We are further told that we are to heed this parable so that we will persist and not get weary or grow faint. The parable staves off our weariness because we know that we are going to get out answers – our persistence is going to pay off.
And the Lord said, "Hear what the unrighteous judge said; 7 now shall not God bring about justice for His elect, who cry to Him day and night, and will He delay long over them? 8 "I tell you that He will bring about justice for them speedily.
Some think the phrases “will He delay long,” and “speedily” mean that we don’t have to repeat ourselves in prayer, but they seem to ignore a few obvious things. First, Jesus doesn’t clearly tell us “not” to be like the widow, but told us to focus on what the judge said: I will give her legal protection, lest by continually coming she wear me out. Second, the phrase “day and night” means repeating and persistence. Third, Jesus Himself in the Garden of Gethsemane prays the same thing three times over the span of an hour or so. All things seem to point to our persistence like the widow. Again, it is a parable. We are not the widow. She is only an illustration.
As in all instruction, persistence in prayer is for our benefit.
God doesn’t need reminders. He is not reluctant and so needs to be goaded. Repeated prayer is for our benefit.
So often, what we need is a change of attitude or a different perspective, or a greater faith. Seeing things differently means learning lessons or adhering to truths that we haven’t before. I wonder how many times in my own life that God sent those truths or lessons to me and I didn’t see them or notice them. God’s answers do not always come in the form that we expected or hoped they would. They came through a sermon that wasn’t entitled “Joe’s problem,” or a reading or an event or maybe even thoughts projected right to me from Him, and for whatever reason, I missed them. That’s one example of a need for consistent and persistent prayer. I imagine that if we all brainstormed, we would come up with many reasons.
The context helps us again.
And the apostles said to the Lord, "Increase our faith!" 6 And the Lord said, "If you had faith like a mustard seed, you would say to this mulberry tree, 'Be uprooted and be planted in the sea'; and it would obey you.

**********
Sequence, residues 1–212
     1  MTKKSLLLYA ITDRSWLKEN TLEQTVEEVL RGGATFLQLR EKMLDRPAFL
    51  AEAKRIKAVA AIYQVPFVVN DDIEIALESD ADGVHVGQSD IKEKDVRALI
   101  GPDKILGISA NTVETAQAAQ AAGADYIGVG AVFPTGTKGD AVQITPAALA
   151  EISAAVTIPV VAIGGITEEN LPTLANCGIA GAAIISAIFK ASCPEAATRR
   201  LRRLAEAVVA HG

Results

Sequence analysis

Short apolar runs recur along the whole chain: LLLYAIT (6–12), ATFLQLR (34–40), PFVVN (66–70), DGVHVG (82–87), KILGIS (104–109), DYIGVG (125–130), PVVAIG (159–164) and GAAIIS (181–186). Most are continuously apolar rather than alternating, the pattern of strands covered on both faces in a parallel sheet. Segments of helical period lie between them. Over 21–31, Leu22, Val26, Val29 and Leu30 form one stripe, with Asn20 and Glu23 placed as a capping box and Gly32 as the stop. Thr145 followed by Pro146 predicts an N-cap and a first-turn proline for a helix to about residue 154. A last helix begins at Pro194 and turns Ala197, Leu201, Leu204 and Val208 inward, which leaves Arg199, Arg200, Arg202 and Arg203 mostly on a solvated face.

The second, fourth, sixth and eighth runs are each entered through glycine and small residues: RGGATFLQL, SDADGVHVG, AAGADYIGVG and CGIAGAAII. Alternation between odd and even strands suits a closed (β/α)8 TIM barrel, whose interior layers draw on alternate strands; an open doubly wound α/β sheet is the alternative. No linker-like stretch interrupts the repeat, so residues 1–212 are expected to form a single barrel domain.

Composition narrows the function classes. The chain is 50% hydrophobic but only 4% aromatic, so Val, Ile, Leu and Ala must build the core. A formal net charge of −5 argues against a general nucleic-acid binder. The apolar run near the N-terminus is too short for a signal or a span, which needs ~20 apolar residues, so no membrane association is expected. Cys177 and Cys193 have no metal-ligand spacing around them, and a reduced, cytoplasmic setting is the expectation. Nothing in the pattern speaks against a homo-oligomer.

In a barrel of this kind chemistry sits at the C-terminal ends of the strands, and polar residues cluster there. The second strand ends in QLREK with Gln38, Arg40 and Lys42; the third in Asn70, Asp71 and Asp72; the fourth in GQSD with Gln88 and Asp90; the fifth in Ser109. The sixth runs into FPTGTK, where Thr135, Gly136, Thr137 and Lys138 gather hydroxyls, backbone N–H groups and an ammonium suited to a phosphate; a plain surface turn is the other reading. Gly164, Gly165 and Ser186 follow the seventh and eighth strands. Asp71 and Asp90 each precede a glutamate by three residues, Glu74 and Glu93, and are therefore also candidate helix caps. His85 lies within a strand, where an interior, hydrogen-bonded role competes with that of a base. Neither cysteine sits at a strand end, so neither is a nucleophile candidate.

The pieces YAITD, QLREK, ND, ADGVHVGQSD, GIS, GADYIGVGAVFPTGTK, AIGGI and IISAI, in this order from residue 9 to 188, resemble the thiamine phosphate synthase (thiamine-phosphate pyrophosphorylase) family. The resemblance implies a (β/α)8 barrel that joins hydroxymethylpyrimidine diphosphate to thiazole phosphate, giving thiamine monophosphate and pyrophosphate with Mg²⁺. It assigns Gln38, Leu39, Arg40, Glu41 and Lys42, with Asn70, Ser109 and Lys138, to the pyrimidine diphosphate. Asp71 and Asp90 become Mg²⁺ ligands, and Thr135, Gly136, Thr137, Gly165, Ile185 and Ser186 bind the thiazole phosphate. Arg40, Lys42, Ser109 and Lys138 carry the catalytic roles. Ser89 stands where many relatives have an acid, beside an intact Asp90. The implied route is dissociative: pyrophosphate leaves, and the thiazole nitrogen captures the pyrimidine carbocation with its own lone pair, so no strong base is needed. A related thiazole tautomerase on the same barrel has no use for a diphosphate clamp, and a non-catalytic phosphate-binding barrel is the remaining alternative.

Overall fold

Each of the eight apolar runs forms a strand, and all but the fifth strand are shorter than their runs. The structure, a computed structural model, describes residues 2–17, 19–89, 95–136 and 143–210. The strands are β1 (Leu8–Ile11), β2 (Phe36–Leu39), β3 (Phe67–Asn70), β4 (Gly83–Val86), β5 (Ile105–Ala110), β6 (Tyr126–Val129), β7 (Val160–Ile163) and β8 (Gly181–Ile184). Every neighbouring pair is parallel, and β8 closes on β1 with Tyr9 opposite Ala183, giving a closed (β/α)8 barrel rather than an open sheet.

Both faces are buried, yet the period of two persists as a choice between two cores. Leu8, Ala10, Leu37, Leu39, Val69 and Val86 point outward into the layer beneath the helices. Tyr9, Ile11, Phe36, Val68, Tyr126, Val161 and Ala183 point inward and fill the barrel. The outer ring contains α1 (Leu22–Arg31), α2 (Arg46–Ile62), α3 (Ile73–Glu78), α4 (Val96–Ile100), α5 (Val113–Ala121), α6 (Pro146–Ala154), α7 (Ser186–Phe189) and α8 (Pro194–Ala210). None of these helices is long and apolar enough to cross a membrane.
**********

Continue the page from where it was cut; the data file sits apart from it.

Then He tells them a parable about a slave doing what he ought to do. We are to do just as the slave, what we are called to do, and if we do, still know that we are unworthy slaves, which, when the Lord Jesus Christ is your Master, is the greatest thing to be ever. And, even in that position, there is the danger of becoming arrogant since there are so many slaves who are not doing what they should. Therefore, the Lord tells us:
"So you too, when you do all the things which are commanded you, say, 'We are unworthy slaves; we have done only that which we ought to have done.'"
We need to be praying for ourselves and others to see:
I pray that the eyes of your heart may be enlightened, so that you may know …
We don’t have to wonder why we should pray again and again for the same things, the same people, for ourselves, when at the least we realize that we are in constant need of changing, growing, adapting, learning, and that we can so easily miss the answers. We need to do what the good slave should do and trust our Father for the outcomes.
All dispensations have their difficulty. The age of the church is the age just after the victory of Christ, which has caused the enemy to change tactics and perhaps feel the need of greater urgency to attempt to destroy truth and the people who have it or want it.
In an age of deception and testing and difficulty, prayer is the very essence of life.
We either pray or we faint (grow weary).
He ends with:
“However, when the Son of Man comes, will He find faith on the earth?”
Jesus is referring to His prior mention of His second coming. Will He find faith? The question is left open. We know from prophesy that He will in some and not in others. Then He speaks another parable and this question of faith links the two parables.
Persistent prayer? – faith – trust in self?
Will we be those who continually pray to our Father in faith for the purpose of living worthy of our calling and helping others to do the same or will we be so-called worshippers of God who come to the Father for the purpose of confirming their greatness and how grateful God should be to them that God has them on His side?
The next parable is for the self-righteous and how they pray.
And He also told this parable to certain ones who trusted in themselves that they were righteous, and viewed others with contempt: 10 "Two men went up into the temple to pray, one a Pharisee, and the other a tax-gatherer. 11 "The Pharisee stood and was praying thus to himself, 'God, I thank Thee that I am not like other people: swindlers, unjust, adulterers, or even like this tax-gatherer. 12 'I fast twice a week; I pay tithes of all that I get.' 13 "But the tax-gatherer, standing some distance away, was even unwilling to lift up his eyes to heaven, but was beating his breast, saying, 'God, be merciful to me, the sinner!' 14 "I tell you, this man went down to his house justified rather than the other; for everyone who exalts himself shall be humbled, but he who humbles himself shall be exalted."
He who humbles himself (before God; fear God) will be exalted.